Conclusions: Using a novel and clinically relevant porcine model of circulatory arrest and ECPR, we demonstrated that a selective A2AR agonist significantly attenuated systemic IRI and warrants clinical investigation.
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http://dx.doi.org/10.1097/SLA.0000000000002685DOI Listing
http://www.ncbi.nlm.nih.gov/pmc/articles/PMC6757347PMC
June 2019

Commentary: Cervical aortic arch repair-an overarching success.

J Thorac Cardiovasc Surg 2020 06 4;159(6):2214-2215. Epub 2019 Apr 4.

Division of Thoracic and Cardiovascular Surgery, University of Virginia, Charlottesville, Va; Department of Surgery, University of Arizona Health Sciences, Tucson, Ariz. Electronic address:

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http://dx.doi.org/10.1016/j.jtcvs.2019.03.086DOI Listing
June 2020

Determining Which Prosthetic to Use During Aortic Valve Replacement in Patients Aged Younger than 70 Years: A Systematic Review of the Literature.

Heart Surg Forum 2019 02 28;22(2):E070-E081. Epub 2019 Feb 28.

Department of Surgery, University of Virginia, Charlottesville, VA., USA.

Background: The choice of bioprosthesis versus mechanical prosthesis in patients aged less than 70 years undergoing aortic valve replacement (AVR) remains controversial, with guidelines disparate in their recommendations. The objective of this study was to explore outcomes after AVR for various age ranges based on type of prosthesis.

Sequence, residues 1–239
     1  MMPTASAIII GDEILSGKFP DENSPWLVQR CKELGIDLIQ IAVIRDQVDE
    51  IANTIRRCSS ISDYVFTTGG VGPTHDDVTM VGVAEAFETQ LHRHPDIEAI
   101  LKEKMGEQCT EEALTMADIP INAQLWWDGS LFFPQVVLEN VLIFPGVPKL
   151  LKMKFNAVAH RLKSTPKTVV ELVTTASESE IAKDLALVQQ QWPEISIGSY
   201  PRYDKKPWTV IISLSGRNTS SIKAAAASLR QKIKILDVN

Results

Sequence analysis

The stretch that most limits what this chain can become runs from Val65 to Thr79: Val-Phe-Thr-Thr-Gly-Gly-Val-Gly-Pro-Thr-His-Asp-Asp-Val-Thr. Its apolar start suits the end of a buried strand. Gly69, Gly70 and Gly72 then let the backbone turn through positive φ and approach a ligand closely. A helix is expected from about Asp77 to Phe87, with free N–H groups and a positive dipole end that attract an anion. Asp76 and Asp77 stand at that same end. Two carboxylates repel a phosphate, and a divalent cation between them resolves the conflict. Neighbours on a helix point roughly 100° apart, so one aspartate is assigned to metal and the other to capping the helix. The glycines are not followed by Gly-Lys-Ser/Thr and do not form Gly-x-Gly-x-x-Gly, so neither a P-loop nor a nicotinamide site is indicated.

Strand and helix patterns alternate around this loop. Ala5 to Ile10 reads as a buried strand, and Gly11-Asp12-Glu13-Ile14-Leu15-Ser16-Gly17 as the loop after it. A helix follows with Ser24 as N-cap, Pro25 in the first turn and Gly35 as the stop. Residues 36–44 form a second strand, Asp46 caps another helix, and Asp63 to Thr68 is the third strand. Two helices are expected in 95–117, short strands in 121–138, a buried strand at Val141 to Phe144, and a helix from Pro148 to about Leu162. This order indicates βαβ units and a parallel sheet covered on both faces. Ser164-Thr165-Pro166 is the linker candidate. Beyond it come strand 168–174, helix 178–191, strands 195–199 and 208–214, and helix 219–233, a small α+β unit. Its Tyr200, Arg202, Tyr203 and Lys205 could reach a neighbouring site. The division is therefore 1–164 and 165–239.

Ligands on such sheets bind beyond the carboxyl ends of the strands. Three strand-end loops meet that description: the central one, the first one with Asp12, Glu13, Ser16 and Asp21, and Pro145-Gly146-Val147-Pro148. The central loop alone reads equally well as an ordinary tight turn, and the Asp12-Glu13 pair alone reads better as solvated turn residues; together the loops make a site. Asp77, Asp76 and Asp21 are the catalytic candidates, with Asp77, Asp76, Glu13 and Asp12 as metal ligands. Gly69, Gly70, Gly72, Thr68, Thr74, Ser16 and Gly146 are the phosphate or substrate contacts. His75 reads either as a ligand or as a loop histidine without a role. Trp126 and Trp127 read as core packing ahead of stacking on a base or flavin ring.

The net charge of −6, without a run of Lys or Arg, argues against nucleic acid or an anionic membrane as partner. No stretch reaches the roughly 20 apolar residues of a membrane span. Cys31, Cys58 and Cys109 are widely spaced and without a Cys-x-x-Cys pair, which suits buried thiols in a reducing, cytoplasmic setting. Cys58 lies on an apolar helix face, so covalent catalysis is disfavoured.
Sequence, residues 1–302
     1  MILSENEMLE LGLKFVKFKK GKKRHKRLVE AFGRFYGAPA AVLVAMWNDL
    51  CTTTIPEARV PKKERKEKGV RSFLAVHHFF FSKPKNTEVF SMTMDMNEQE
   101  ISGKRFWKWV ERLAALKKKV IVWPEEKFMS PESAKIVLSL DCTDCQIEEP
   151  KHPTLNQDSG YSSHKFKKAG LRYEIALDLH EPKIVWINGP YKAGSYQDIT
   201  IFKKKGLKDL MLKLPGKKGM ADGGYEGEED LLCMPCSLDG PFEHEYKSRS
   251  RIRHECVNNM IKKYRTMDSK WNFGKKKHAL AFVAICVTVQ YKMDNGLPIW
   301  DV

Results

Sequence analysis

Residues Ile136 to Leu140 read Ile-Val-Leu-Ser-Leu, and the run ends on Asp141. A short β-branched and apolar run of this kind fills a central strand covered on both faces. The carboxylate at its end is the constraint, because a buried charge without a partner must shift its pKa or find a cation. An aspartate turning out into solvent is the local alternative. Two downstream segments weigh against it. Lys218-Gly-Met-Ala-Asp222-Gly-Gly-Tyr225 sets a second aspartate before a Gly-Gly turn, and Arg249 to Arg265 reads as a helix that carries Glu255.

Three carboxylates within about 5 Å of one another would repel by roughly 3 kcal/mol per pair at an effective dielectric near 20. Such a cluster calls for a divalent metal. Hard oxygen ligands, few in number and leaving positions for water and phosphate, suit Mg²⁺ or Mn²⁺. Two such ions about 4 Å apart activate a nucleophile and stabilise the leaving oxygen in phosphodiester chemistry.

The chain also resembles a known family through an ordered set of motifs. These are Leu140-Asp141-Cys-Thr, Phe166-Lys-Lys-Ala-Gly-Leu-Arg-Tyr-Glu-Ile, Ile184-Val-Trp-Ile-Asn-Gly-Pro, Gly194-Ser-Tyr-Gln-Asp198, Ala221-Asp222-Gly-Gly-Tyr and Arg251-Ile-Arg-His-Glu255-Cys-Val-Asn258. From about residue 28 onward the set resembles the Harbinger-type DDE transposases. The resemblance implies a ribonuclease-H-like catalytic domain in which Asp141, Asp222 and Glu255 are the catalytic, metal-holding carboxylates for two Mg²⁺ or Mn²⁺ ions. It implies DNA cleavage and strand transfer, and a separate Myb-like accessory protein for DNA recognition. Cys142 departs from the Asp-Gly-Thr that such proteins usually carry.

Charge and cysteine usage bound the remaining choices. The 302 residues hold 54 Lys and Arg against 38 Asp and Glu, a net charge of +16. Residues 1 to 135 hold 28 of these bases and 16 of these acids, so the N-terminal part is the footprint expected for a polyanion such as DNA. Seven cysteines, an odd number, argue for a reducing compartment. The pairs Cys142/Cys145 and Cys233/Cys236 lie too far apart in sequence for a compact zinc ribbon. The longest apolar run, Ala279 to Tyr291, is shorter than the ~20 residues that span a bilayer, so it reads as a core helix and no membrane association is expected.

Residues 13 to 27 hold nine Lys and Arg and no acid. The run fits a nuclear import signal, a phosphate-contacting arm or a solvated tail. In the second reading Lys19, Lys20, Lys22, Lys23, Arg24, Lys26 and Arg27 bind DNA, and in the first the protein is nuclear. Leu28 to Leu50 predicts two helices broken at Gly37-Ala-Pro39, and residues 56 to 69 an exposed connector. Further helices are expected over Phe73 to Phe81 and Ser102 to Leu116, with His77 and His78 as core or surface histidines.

Methods: A systematic review was undertaken according to the Preferred Reporting Instructions for Systematic Reviews and Meta-Analyses (PRISMA) guidelines by using Medline (PubMed), Cochrane, Web of Science, Embase, and Scopus databases. Rates of long-term survival (primary outcome), reoperation, major bleeding, thromboembolism, stroke, structural valve deterioration, and endocarditis were compared between subjects receiving biologic and mechanical prostheses. Findings were grouped into patients aged <60 years, aged ≤65 years, and finally aged <70 years.

Results: A total of 19 studies met inclusion criteria. Seven evaluated patients aged <60 years, 4 of which found mechanical prosthesis patients to have higher long-term survival, whereas the remaining studies found no difference. Eight additional studies included patients aged 65 years or younger, and 9 studies included patients aged <70 years. The former found no difference in survival between prosthesis groups, whereas the latter favored mechanical prostheses in 3 studies. Bleeding, thromboembolism, and stroke were more prevalent in patients with a mechanical prosthesis, whereas reoperation was more common in those receiving a bioprosthesis.

Conclusions: Published literature does not preclude the use of bioprostheses for AVR in younger patients. As new valves are developed, the use of bioprosthetic aortic valves in younger patients will likely continue to expand. Clinical trials are needed to provide surgeons with more accurate guidelines.
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http://dx.doi.org/10.1532/hsf.2131DOI Listing
February 2019